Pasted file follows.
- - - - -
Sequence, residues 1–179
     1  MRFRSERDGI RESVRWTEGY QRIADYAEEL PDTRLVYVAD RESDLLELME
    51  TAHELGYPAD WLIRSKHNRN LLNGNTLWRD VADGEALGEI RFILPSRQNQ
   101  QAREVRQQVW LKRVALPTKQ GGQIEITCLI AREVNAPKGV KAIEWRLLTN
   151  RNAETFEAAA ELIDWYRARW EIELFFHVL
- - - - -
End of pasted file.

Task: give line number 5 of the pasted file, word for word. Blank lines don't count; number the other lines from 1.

   151  RNAETFEAAA ELIDWYRARW EIELFFHVL